The History of Post Traumatic Stress Disorder



Symptomology of PTSD is found in ancient literary and philosophical works. One example is in the Epic of Gilgamesh where Gilgamesh struggles with loss. 

‘I wept for him seven days and nights till the worm fastened on him. Because of my brother I am afraid of death, because of my brother I stray through the wilderness. His fate lies heavy upon me. How can I be silent, how can I rest? He is dust and I too shall die and be laid in the earth for ever. I am afraid of death... ’ (Epic of Gilgamesh, Part 6).

 Another example is in Homer’s epic The Iliad through Achilles’ regret of the death of his friend Patroclus. Achilles' wish for Hector to have killed him instead showcases another form of "survivors guilt." 

"Then said Achilles in his great grief, “I would die here and now, in that I could not save my comrade. He has fallen far from home, and in his hour of need my hand was not there to help him. What is there for me? Return to my own land I shall not, and I have brought no saving neither to Patroclus nor to my other comrades of whom so many have been slain by mighty Hector." (The Iliad, Book XVIII)


Growing Awareness in the Nineteenth Century

During the Napoleonic Wars, it was documented that soldiers would drop down to the ground as if they were hit, but they were untouched by the bullet. They called this "la vent du boulet" or "wind of the cannonball." Notions of PTSD were also seen during the American Civil War and were called “irritable heart” or “soldier's heart” by medics.

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Corporal Calvin Bates lost his feet due to rough conditions in the Andersonville Prison during the American Civil War.  Amputations often lead to symptoms of PTSD or "soldiers heart."


Shell Shock

The name “shell shock” originated during World War I, by Charles S. Myers. He and other psychologists conducted numerous studies about PTSD in soldiers. Researchers continued to explore PTSD in England and Germany during WWII. The difference between shell shock and PTSD lies in the physical symptom that has come with shell shock. Physical symptoms include ticks such as nose wiping, walking abnormally, facial twitches, or "railroad spine."


Battle Fatigue

Soldiers during World War II suffered Post Traumatic Stress Disorder, but admitting to it was stigma left these instances, unreported. Although military doctors knew it as "battle fatigue" the soldiers continued to called it "shell shock." To highlight the stigma, John Huston directed a documentary about PTSD. The War Department banned the film because it showed the grim reality of what soldiers go through in war.





The biggest reference of the existence of PTSD during WWII is General Patton's "Slap heard 'round the world." There are different perspectives about the circumstances of General Patton's actions. Read the section below for more information about this incident.





During the Vietnam War, Post Traumatic Stress Disorder or PTSD became a diagnosable disorder. Although medically recognized, a social stigma remained attached to PTSD.  However, this is when PTSD finally was getting the recognition that it deserved. In 1983, the Veterans Association conducted their first study of PTSD symptoms in Vietnam Veterans, they called this study the National Vietnam Veterans Readjustment Study or NVVLS. The NVVLS showed that although veterans who served in Vietnam were physically and mentally healthy, but a large portion still had symptoms related to PTSD.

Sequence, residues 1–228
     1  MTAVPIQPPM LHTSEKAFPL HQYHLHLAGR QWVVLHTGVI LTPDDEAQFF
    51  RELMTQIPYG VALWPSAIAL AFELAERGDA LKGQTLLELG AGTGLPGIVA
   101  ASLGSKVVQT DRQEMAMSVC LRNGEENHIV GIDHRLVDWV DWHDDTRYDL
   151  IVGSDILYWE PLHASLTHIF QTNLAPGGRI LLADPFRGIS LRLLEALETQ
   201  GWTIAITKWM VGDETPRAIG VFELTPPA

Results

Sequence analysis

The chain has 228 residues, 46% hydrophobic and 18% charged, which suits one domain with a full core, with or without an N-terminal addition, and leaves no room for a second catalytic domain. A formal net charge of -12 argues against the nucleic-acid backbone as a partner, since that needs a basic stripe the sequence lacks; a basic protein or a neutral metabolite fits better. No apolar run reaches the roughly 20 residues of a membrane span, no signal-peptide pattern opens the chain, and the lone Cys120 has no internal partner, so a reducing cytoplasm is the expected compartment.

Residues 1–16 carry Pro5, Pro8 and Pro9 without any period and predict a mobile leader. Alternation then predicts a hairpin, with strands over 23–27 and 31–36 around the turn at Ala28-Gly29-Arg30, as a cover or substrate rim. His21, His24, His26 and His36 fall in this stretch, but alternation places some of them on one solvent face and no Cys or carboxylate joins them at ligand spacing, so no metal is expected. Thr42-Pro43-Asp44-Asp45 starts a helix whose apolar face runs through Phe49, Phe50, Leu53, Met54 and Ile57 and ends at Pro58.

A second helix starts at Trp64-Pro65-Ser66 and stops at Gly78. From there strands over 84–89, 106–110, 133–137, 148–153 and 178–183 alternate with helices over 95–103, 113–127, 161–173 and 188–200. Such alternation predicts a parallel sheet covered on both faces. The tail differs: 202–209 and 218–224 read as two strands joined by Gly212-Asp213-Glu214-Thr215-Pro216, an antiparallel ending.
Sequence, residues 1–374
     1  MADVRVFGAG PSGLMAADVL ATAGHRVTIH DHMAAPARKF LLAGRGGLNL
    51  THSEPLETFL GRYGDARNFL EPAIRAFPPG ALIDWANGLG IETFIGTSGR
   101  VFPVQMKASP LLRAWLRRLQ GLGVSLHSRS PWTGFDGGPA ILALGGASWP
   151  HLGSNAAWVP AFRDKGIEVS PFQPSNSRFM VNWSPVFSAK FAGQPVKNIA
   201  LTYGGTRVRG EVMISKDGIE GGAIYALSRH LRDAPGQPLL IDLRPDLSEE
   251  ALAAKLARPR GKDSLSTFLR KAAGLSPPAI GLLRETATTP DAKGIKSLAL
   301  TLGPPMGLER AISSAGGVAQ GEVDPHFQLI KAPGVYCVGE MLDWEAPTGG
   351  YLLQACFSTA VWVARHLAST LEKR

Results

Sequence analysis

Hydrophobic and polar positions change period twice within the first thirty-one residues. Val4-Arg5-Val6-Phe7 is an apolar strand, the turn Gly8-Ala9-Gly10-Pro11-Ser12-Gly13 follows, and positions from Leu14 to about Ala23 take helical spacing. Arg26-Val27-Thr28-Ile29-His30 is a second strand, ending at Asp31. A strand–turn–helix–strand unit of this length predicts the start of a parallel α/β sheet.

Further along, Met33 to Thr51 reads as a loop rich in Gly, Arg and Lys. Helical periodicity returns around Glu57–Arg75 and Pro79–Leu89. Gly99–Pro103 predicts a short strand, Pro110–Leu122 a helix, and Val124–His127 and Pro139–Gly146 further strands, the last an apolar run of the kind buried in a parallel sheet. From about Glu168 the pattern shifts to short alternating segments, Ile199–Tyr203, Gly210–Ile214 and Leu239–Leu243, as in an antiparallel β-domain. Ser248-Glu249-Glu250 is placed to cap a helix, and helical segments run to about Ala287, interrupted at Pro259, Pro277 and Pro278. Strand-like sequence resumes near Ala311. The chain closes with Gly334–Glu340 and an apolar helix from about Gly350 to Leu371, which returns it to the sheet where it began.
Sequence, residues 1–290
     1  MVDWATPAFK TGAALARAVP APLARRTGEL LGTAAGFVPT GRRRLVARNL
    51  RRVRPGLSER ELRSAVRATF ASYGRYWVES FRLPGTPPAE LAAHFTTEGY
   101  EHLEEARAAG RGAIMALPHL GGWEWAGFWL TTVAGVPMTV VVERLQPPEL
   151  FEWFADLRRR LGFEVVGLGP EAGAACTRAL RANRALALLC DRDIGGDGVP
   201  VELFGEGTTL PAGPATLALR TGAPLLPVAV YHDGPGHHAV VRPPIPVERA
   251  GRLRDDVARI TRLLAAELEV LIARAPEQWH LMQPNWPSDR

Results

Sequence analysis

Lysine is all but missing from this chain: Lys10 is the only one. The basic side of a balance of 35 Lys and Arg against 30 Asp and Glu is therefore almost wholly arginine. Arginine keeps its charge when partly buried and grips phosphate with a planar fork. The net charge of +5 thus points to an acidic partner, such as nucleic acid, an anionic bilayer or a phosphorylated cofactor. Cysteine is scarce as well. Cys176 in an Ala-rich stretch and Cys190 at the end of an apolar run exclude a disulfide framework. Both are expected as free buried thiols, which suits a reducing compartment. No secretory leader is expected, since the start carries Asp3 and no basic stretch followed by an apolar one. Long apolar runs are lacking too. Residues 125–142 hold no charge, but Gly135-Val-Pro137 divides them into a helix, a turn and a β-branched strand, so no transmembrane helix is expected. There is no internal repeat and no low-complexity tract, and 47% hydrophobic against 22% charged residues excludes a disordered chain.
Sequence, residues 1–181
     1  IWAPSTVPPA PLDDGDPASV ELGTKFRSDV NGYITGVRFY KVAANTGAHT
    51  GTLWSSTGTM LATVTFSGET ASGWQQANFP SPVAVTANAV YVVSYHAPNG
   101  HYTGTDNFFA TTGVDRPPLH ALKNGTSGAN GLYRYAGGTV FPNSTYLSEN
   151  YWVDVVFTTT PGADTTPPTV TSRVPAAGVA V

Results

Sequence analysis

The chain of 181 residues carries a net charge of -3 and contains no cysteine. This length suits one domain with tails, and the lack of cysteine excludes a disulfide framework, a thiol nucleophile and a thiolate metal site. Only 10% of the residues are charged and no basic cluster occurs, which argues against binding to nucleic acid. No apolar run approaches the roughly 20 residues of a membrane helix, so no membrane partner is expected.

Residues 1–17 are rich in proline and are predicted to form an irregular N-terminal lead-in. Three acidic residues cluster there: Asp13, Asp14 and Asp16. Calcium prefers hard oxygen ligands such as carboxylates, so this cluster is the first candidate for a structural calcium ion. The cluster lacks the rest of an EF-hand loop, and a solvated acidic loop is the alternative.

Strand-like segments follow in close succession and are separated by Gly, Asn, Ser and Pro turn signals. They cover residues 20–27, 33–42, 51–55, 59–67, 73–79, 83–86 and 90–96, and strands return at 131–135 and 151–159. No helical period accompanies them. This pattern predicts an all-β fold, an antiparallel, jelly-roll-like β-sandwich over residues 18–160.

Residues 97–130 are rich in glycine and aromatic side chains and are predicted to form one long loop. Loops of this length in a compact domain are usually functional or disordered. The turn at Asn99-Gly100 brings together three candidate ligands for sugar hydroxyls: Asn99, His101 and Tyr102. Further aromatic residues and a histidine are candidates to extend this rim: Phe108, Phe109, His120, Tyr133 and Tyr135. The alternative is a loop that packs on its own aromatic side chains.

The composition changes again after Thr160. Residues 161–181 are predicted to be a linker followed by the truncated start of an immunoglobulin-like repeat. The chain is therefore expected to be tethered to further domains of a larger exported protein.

This is an interview of a Vietnam Veteran, Tucker Smallwood, who returned from the war did not know he had PTSD until the anniversary of the day he almost died. He called this "anniversary syndrome."


PTSD Today

Post Traumatic Stress Disorder today holds less of a stigma than previous wars. Many veterans and service members, however, still feel that they are alone in this endless war within themselves. There are different ways that PTSD is being treated because of research. Modern therapies for PTSD include Virtual Reality therapy, group therapy, and art therapy. 
One of the more visible therapies is service dogs that are specifically trained to their soldier. These foundations train their dogs to react to PTSD triggers in their owners, such as disrupted sleep, a shaking leg and other indicators such as nail biting. Many veterans call their dog their battle buddy. This means that the dog does not judge them for what they’re going through, and they have your back no matter what.
Many veterans agree that speaking with other soldiers about PTSD helps them heal more because they are speaking with someone who understands what they have gone through.


Other Therapies



Electric Shock Therapy

Electric Shock Therapy was used during WWI primarily in England and Germany.

Group Therapy

During Vietnam, psychiatrists discovered that group therapy may be helpful to soldiers who are struggling with PTSD. This is confirmed by veterans that were interviewed.

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During the war, keeping journals and diaries were recommended especially for higher command and medics. This way they would have a record of the symptoms that the different soldiers were experiencing.


Veterans have began making art to express what they are going through with PTSD. Click on the link to look at the work of Eric Sanders, a veteran and student at Georgia Southern University.

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